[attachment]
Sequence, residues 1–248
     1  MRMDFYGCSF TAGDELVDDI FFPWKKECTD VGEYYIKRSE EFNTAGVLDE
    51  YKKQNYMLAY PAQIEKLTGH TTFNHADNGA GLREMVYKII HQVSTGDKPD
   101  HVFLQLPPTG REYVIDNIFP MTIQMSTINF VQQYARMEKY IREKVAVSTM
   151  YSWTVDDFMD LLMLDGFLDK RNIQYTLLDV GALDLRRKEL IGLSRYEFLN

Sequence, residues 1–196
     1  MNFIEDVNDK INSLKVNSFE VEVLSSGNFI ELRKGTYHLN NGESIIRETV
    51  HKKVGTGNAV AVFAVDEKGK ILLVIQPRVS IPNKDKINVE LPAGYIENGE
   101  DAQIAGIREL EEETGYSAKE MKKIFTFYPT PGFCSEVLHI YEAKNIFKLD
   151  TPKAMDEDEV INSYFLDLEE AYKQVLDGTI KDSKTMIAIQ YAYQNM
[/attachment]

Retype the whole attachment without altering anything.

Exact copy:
Sequence, residues 1–248
     1  MRMDFYGCSF TAGDELVDDI FFPWKKECTD VGEYYIKRSE EFNTAGVLDE
    51  YKKQNYMLAY PAQIEKLTGH TTFNHADNGA GLREMVYKII HQVSTGDKPD
   101  HVFLQLPPTG REYVIDNIFP MTIQMSTINF VQQYARMEKY IREKVAVSTM
   151  YSWTVDDFMD LLMLDGFLDK RNIQYTLLDV GALDLRRKEL IGLSRYEFLN

Sequence, residues 1–196
     1  MNFIEDVNDK INSLKVNSFE VEVLSSGNFI ELRKGTYHLN NGESIIRETV
    51  HKKVGTGNAV AVFAVDEKGK ILLVIQPRVS IPNKDKINVE LPAGYIENGE
   101  DAQIAGIREL EEETGYSAKE MKKIFTFYPT PGFCSEVLHI YEAKNIFKLD
   151  TPKAMDEDEV INSYFLDLEE AYKQVLDGTI KDSKTMIAIQ YAYQNM